Peel was in a minority. Most Tories felt as the Bishop of Exeter did. Civil marriage was “a disgrace to British legislation, pretended to be called for to prevent clandestine marriages but which will greatly facilitate such proceedings”. In his view, “Parties involved may take one another for better and for worse without calling God to witness their plighted troth. No blessing sought, no solemn vows of mutual fidelity, no religious solemnity whatever…”. [5]. A handful of Tories were so irritated that Peel would vote for the Civil Marriages Act that they defected to the Unionists but this was seen as a grandstanding venture. Of the three who jumped ship, one was due to retire at the next election and two had majorities under 100 and were bound to lose their seat. But it could not go unnoticed that the Tories were feeling the pinch. Electorally, they faced losing seats to both the Unionists and the Whigs and there was a real concern that not enough was being done to save the Tory Party from becoming a diminished force in British politics. Peel’s days as Leader of the Opposition could be numbered. Even those who liked him and supported him agreed that the General Election would be a test of his popularity and if the Tories suffered, Peel would have to go.

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Sir Robert Peel.

The calls on the Duke of Cambridge to involve himself in the situation regarding church reform were not new in so much as there were always calls for the monarch (or his regent) to veto bills that had parliamentary support, but which critics regarded as unacceptable. The Duke of Clarence may well have been swayed by such calls, but his successor was less inclined to exercise the royal prerogative. Quite aside from his own feelings on the matter which were best described as indifferent, he had no intention of causing a political crisis so close to his nephew reaching the age of majority. In his opinion, the Whigs had a majority. If their legislation on church reform came to him for royal assent, he would give it. Winchelsea however spied an opportunity. He had long been friendly towards the Dowager Queen and throughout the last decade, he had supported her ferociously but not entirely without ulterior motive. One day, he expected her to return the favour. Today was that day.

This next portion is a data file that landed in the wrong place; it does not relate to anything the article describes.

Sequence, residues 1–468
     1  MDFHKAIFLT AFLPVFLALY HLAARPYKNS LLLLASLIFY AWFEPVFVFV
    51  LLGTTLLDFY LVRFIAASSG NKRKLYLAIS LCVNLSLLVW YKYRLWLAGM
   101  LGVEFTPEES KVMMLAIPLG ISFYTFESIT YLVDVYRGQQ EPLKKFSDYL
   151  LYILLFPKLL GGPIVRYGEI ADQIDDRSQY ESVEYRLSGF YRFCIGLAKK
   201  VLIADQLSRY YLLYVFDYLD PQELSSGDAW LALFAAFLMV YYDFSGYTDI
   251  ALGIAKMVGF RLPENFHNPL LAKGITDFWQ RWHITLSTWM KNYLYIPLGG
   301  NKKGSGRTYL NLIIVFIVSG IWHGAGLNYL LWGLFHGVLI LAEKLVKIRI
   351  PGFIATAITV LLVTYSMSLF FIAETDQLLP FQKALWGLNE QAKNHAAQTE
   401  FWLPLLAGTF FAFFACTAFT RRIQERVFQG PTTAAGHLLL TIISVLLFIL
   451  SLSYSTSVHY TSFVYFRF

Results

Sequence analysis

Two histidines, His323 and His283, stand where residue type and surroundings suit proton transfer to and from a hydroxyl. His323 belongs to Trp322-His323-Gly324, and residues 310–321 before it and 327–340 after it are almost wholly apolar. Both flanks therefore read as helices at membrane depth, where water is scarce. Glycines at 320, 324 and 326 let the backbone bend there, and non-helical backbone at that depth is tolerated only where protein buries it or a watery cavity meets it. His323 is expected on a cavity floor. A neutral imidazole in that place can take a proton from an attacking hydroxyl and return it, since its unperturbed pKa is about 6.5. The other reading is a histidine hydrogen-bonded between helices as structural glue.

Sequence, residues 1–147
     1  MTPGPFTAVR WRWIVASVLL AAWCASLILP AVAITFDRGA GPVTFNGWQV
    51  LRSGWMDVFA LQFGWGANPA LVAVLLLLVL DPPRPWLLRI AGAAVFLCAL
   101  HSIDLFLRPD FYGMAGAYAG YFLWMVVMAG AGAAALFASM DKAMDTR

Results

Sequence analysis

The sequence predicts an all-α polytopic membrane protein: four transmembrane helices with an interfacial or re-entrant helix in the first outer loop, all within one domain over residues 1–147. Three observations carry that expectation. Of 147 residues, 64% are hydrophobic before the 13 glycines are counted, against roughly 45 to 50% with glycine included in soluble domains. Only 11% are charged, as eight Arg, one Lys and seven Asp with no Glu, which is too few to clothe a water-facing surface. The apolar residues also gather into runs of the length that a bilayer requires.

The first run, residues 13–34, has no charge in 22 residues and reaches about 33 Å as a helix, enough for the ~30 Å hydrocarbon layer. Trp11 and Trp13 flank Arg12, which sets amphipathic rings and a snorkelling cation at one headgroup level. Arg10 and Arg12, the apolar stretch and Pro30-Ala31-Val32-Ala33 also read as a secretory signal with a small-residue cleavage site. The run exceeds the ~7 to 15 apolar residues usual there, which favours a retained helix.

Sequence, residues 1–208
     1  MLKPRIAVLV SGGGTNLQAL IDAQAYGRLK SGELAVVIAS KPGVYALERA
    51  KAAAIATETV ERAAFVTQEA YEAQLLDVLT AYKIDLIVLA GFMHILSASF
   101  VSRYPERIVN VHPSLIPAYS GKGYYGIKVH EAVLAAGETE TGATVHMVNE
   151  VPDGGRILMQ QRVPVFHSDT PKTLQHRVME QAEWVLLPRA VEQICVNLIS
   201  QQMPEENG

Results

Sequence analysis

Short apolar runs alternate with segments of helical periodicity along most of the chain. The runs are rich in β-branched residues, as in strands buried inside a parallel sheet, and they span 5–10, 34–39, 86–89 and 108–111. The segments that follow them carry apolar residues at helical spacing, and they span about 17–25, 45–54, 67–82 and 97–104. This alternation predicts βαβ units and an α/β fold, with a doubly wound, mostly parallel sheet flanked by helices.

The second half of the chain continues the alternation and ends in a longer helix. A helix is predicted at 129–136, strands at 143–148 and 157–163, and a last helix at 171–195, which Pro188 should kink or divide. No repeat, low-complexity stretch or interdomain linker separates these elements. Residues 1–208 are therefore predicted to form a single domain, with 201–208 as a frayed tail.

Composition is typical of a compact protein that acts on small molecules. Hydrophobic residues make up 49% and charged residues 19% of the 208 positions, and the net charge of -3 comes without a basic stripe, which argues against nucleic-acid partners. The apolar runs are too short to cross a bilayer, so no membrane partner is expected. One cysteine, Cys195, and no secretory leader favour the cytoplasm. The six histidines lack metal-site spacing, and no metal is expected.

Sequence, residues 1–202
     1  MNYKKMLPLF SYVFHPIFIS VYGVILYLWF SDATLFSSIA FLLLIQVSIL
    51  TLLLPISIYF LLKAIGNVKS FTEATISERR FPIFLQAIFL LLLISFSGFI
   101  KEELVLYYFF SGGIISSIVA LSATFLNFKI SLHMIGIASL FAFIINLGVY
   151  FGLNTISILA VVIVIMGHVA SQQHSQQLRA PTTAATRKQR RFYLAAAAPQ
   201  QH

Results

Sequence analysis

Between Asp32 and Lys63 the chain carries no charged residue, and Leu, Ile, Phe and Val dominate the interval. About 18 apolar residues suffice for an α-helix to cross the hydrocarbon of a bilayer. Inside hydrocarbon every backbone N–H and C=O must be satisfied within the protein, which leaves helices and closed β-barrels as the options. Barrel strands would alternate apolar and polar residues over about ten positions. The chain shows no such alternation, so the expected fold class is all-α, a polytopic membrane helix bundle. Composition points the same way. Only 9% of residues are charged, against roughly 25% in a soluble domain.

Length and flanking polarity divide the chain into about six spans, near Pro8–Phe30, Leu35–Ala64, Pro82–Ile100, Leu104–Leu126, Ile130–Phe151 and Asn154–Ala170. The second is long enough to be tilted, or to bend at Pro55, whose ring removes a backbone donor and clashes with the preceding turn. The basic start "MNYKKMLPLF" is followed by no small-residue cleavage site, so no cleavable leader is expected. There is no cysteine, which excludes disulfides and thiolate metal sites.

At dinner with the Dowager Queen at Windsor, Lord Winchelsea urged her to make the Duke of Cambridge think again on using the royal veto where the Church Temporalities Act was concerned. Winchelsea believed that doing so would see Melbourne resign just two months before a general election and in the ensuing chaos, the Unionists could exploit the situation to their political advantage. Unfortunately for Winchelsea, the Dowager Queen knew little of politics and she was more interested in the upcoming wedding of her son.

“Of course, Ma’am, the situation is such that if the Duke allows this attack on the established church, many in the country will question his integrity”, Winchelsea explained, “Indeed, they might even question his suitability to continue in his post as regent for His Majesty”.

The disinterested Dowager Queen was suddenly fascinated by the matter at hand.

“I know the Bishop of Exeter is of that opinion and he is not alone in wondering whether the Duke will enjoy the unanimous support of the upper house, even if he retains the support of the government”.

The Dowager Queen agreed to discuss the matter with the Duke of Cambridge. Naturally she was of the same opinion as Lord Winchelsea. It was offensive for the radical Whigs to seize control of the Anglican Church and as for Civil Marriage, there could be a very real threat posed to the stability of the monarchy. After all, what if a member of the family chose to contract one of these civil marriages and found himself called to serve as Supreme Governor of the Church of England in the future? The clash between Crown and Church was unthinkable. The more she thought about it, the more the Dowager Queen was convinced that the Duke of Cambridge must veto the bill.

“Please do not trouble yourself on this”, she told Lord Winchelsea as he left her that evening, “We know you are right, and we shall do what we can to put this situation right”.

The Duke of Cambridge was alarmed to see that his sister-in-law was once again interfering in politics. The wedding of her son had distracted her from his house hunting scheme which was intended to keep her well away from the political arena. Now he saw that he had been naïve. For once, he was determined to put his foot down. If the bills came to him for Royal Assent, he would give it. “It is quite absurd to think I could be opposed to civil marriages for nonconformist protestants”, he reasoned, “My wife may worship as a member of the Anglican church today but are you not both Lutherans outside of the communion by birth and were you not so when you married?”. Louise smiled. Whether he vetoed or whether he didn’t, she felt she was finally gaining the upper hand and whilst she doubted her coveted prize of the regency was in her grasp, certainly she saw an opportunity to use the ensuing chaos regardless of the outcome as leverage. If she could convince the King that his uncle had made a mistake, it could only reinforce her own influence over him in the months to come, something made even more crucial after he reached the age of majority.